According to a leaked “urgent email” sent by a regional chief midwife at NHS England and NHS Improvement on the “escalating risks” of ‘DIY’ home abortions, police have opened a murder investigation into the death of a baby who they believe was born alive despite her mother taking ‘DIY’ home abortion pills. 

A nationwide undercover investigation found evidence of abortion providers putting women at significant risk by not carrying out basic checks before sending them ‘DIY’ home abortion pills.

The study also discovered ‘DIY’ home abortion pills can easily be obtained and administered to others, potentially in a coercive manner.

In May, it was revealed UK police were investigating the death of an unborn baby after its mother took ‘DIY’ home abortion pills while 28 weeks’ pregnant.

In addition, abortion provider BPAS said they were investigating a further eight cases of women taking ‘DIY’ home abortion pills beyond the 10-week limit, raising questions over what checks are being conducted to ensure the law isn’t being broken and dangerous late-term abortions aren’t happening. 

A number of women have also come forward to share the serious problems they’ve experienced after taking ‘DIY’ home abortion pills.

One woman said she went through “hell” and thought she was going to die after taking the dangerous pills.

Another woman said the pain and physical process was “horrible” and “a lot worse than expected”.

What is a public consultation?

A public consultation is a process used by the Government, and other public bodies, which invites the public to provide their views and feedback on a particular proposal.

In the majority of consultations, responses can be submitted by both individuals and organisations.

Consultations last for a proportionate amount of time and consist of a limited number of clear, concise questions.

A consultation should help scrutinise a proposal and give an indicator of its public approval.

Help stop abortion up to birth for babies with disabilities including Down's syndrome & club foot

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Dear reader

In 2020, the UK Government imposed an extreme abortion regime on Northern Ireland, which included a provision that legalised abortion right up to birth for disabilties including Down’s syndrome, cleft lip and club foot.

A new Bill has been launched at the Northern Ireland assembly that will remove the current provision that allows abortion for ‘severe fetal impairment’.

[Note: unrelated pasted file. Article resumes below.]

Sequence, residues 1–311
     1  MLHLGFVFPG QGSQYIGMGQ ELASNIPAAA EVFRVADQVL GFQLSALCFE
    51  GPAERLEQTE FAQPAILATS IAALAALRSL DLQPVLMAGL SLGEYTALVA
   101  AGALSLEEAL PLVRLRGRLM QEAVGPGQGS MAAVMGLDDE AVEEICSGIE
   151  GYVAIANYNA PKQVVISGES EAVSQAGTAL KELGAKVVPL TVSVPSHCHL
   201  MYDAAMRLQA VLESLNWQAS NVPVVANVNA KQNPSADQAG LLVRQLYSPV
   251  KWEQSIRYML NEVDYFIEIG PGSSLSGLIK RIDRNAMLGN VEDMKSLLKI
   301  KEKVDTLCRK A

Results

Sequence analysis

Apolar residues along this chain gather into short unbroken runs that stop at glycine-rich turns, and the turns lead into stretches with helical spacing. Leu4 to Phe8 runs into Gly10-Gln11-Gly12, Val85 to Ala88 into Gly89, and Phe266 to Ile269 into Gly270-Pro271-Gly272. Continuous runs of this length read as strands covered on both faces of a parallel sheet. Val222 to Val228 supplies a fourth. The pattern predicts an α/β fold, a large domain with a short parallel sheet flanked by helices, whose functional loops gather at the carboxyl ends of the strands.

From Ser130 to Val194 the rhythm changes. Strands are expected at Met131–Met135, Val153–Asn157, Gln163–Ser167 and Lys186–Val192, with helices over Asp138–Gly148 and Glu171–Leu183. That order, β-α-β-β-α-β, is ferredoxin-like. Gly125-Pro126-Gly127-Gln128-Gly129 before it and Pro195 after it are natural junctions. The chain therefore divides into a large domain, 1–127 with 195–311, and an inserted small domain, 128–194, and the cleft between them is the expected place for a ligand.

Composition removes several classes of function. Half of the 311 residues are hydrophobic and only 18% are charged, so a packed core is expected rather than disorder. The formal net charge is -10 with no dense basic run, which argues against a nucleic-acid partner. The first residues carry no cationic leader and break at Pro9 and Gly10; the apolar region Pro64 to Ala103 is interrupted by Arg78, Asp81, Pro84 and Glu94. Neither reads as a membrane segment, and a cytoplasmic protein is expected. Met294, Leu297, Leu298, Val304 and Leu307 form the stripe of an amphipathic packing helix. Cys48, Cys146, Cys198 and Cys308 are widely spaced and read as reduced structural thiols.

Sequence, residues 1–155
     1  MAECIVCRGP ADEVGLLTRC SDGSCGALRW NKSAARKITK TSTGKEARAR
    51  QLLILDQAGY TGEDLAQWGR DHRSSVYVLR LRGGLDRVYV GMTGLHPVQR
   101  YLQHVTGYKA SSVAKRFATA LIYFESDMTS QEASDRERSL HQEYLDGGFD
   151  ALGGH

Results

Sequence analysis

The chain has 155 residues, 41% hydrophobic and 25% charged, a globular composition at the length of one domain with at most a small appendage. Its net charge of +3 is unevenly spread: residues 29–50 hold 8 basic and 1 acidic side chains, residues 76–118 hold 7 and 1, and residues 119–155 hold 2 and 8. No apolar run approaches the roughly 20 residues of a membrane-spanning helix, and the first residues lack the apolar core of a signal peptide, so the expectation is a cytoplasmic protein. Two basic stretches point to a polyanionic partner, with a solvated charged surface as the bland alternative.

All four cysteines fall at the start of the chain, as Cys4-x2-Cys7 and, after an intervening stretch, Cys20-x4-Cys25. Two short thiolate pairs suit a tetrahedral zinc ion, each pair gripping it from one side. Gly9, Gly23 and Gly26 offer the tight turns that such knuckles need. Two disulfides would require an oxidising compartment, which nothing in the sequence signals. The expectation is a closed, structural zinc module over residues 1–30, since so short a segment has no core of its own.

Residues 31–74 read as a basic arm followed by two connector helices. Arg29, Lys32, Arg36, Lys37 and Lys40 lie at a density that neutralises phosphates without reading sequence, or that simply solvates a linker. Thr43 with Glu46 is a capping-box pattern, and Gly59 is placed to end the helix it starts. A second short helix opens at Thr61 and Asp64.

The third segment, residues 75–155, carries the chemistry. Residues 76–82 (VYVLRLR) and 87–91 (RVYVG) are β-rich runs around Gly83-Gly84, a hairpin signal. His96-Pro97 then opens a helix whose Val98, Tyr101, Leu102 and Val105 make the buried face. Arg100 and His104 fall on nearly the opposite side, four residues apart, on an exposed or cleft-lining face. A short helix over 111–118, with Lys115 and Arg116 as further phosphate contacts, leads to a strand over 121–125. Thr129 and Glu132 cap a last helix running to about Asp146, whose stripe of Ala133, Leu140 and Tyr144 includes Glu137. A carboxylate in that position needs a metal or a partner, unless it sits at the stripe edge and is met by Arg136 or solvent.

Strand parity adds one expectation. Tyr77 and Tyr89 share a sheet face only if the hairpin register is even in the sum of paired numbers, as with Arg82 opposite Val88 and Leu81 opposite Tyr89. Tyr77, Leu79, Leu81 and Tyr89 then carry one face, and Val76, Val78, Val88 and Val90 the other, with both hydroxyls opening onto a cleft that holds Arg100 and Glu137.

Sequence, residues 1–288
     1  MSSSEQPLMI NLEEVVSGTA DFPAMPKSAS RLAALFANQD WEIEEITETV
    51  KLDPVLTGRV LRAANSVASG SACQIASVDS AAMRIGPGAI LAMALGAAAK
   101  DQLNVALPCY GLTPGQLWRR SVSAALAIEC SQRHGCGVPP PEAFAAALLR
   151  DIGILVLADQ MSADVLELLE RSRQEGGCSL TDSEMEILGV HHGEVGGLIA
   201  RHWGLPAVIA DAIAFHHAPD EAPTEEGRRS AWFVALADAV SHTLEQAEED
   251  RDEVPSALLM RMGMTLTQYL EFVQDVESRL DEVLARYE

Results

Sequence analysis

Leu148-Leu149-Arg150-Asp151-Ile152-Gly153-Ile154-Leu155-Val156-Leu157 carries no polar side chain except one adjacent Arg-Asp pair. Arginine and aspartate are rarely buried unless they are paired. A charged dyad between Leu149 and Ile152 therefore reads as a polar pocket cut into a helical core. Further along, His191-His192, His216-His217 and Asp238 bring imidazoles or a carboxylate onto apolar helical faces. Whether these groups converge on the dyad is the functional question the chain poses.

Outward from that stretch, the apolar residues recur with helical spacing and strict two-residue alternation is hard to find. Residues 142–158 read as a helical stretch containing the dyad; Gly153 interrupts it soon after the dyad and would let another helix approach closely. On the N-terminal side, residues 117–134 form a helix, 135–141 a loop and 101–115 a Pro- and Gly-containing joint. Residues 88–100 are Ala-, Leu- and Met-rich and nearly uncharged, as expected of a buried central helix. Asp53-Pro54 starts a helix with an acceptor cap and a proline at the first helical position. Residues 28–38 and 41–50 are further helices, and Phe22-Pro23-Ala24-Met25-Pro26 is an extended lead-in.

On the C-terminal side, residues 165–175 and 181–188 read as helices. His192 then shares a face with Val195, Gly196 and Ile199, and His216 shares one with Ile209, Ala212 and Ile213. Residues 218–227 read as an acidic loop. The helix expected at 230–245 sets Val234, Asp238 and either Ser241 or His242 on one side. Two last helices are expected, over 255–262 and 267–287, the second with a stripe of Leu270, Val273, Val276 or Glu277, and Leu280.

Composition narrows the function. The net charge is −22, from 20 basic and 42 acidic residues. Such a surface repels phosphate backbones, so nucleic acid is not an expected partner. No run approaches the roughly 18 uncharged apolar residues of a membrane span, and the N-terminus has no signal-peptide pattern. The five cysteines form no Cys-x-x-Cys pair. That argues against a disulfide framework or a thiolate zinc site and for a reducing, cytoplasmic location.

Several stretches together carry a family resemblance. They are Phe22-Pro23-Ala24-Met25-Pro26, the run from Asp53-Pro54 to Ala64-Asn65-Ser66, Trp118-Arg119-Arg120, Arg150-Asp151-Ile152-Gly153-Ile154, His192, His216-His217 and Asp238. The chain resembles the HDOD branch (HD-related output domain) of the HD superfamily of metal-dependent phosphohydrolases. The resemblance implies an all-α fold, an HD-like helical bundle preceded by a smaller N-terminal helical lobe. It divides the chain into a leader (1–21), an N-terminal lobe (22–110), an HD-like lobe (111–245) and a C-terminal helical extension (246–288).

It is under these grounds in the regulations that babies with disabilities including Down’s syndrome, cleft lip and club foot can currently be singled out for abortion in Northern Ireland because of their disability and can be aborted right up to birth.

Before the new abortion regime was imposed on Northern Ireland in 2020, disability-selective abortion for conditions such as Down’s syndrome, cleft lip and club foot was not legal and there was a culture of welcoming and supporting people with these disabilities rather than eliminating them.

This is reflected directly in the latest figures (2016) from the Department of Health in Northern Ireland, which show that while there were 52 children born with Down’s syndrome in Northern Ireland, in the same year only 1 child from Northern Ireland with Down’s syndrome was aborted in England and Wales. 

This contrasts with the situation in the rest of the United Kingdom where disability-selective abortion has been legal since 1967.

The latest available figures show that 90% of children diagnosed with Down’s syndrome before birth are aborted in England and Wales.

We are, therefore, asking people like you to take 30 seconds of your time and add your support to the campaign to stop abortion up to birth for disabilities including Down’s syndrome, cleft lip and club foot in Northern Ireland.

If you live in Northern Ireland: 
Ask your MLAs to vote to stop abortion up to birth for disabilities including Down’s syndrome, cleft lip and club foot:

If you live outside Northern Ireland: 
Show your support by signing this petition in support of the Bill:

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Help stop abortion up to birth for babies with disabilities including Down's syndrome & club foot